Lessons from Gawker case

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Lessons from Gawker case

The unlikely pairing of legendary professional wrestler Hulk Hogan and billionaire godfather of the PayPal Mafia Peter Thiel has been in the news lately. What linked them was Gawker Media, which exposes the private lives of celebrities and Silicon Valley big shots.

Hogan sued Gawker for violating his privacy when a sex tape of him and his friend’s wife was posted on the site, and Hogan was awarded $140 million, which could shut down Gawker Media.

Until then, the protection of privacy and the media’s freedom of speech were the main focus. While the sex tape was clearly a product of yellow journalism, the consequences are not within the realm of reason.

But the involvement of Thiel opened a new chapter. It was later learned that Thiel secretly helped Hogan finance the lawsuit to bring down Gawker.

The billionaire has never hidden his antagonism toward Gawker, as its subsidiary Valleywag reported on Thiel’s homosexuality in 2007. After all, it turned out a Silicon Valley billionaire used money and information to exploit the legal system and restrict media freedom.

While Thiel criticized Gawker for shamelessly releasing the sex tape to increase visitor traffic, it is not entirely true. Gawker has been writing many articles addressing the soft spots of Silicon Valley big shots.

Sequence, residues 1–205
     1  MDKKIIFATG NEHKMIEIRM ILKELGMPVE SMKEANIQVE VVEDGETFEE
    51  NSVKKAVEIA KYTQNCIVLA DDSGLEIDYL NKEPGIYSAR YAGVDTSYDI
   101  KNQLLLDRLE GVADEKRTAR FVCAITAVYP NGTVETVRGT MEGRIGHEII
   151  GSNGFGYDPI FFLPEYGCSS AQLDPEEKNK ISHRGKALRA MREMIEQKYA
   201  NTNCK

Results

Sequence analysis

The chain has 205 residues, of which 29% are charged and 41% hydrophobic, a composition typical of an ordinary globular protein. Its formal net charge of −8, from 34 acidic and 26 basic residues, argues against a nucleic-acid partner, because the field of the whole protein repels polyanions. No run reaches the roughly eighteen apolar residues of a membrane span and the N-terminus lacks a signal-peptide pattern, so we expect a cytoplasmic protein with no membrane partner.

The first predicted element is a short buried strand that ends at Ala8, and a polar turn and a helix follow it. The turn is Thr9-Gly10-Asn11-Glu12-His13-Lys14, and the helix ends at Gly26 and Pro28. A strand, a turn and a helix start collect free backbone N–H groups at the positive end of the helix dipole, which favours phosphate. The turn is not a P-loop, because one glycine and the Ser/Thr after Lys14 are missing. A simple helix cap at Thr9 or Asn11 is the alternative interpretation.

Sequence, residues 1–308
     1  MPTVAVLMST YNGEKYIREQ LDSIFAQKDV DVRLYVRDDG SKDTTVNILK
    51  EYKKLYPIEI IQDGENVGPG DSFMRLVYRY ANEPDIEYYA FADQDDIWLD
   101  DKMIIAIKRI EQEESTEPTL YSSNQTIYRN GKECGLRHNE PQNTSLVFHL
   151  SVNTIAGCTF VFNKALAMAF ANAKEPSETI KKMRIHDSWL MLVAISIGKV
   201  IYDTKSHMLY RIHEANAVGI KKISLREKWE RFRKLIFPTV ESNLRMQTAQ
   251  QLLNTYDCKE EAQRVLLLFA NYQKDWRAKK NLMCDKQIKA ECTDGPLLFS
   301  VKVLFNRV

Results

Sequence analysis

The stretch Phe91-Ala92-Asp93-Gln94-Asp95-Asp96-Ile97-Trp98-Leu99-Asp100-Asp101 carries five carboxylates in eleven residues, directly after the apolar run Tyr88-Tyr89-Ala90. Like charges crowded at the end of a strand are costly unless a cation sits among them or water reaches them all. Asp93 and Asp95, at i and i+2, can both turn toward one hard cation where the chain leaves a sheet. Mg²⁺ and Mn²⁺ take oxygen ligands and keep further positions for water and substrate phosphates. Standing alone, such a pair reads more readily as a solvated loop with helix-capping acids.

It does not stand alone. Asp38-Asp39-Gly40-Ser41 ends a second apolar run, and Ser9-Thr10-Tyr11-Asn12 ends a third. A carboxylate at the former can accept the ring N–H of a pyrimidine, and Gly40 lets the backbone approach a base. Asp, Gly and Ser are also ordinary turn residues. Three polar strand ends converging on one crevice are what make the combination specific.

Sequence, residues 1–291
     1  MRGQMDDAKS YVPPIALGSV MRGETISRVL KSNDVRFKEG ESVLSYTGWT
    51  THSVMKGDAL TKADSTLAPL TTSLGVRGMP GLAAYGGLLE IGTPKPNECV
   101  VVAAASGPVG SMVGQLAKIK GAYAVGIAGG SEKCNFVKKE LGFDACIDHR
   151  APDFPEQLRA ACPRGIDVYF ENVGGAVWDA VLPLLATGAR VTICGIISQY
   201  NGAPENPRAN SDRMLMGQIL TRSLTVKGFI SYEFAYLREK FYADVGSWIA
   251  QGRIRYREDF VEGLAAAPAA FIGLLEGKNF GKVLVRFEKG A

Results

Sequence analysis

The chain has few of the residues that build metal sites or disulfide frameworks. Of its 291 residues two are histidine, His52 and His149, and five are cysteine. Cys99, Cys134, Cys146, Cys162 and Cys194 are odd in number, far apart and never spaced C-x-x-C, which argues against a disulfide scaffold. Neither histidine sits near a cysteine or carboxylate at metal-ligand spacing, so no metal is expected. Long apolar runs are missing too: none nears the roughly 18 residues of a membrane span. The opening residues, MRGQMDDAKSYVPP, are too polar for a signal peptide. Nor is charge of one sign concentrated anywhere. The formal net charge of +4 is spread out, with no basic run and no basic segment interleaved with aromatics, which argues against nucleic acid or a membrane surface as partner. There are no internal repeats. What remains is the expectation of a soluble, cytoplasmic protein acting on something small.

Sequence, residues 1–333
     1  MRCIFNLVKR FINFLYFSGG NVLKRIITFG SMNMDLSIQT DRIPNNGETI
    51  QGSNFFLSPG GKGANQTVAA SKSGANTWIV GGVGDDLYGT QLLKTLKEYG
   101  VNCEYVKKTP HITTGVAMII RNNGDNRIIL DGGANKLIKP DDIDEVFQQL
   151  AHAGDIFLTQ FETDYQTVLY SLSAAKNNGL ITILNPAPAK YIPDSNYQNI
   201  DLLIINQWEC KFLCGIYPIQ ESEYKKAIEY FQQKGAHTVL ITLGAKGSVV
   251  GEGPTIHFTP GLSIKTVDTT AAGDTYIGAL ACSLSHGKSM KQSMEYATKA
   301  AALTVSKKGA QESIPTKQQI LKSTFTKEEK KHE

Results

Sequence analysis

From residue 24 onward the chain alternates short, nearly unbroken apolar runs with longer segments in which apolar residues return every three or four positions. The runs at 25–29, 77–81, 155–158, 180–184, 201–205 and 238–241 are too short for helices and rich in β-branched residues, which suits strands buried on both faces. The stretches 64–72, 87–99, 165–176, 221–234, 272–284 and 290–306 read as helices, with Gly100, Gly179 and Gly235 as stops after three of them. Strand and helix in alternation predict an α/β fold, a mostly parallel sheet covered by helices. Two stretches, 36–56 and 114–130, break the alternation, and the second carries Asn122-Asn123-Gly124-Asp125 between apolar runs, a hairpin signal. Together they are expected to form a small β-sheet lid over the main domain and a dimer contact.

The report that started Thiel’s rage was not about his privacy but about the exclusive culture of Silicon Valley, and many readers are concerned that the decision has left a bad precedent that going against a Silicon Valley elite means facing a downfall.

Just in time, it was exposed that Facebook, where Thiel is a board member, is operated based not on computer algorithms but on the leftist inclinations of editors. It was reported by Gizmodo, owned by Gawker.

In the 2015 film “Kingsman” and Dan Brown’s 2013 novel “Inferno,” the villain is a genius entrepreneur with a noble cause. In “Kingsman,” the villain plans a global killing spree to save the earth.

In “Inferno,” a genius scientist conspires to spread a virus that can kill one-third of the population. When a genius has misguided ideals, it can lead to catastrophe.

When the media can no longer pick a fight, the conspiracy may not just belong in the movies.

JoongAng Ilbo, May 31, Page 31


*The author is head of the new digital team at the JoongAng Ilbo.

AHN HYE-RI

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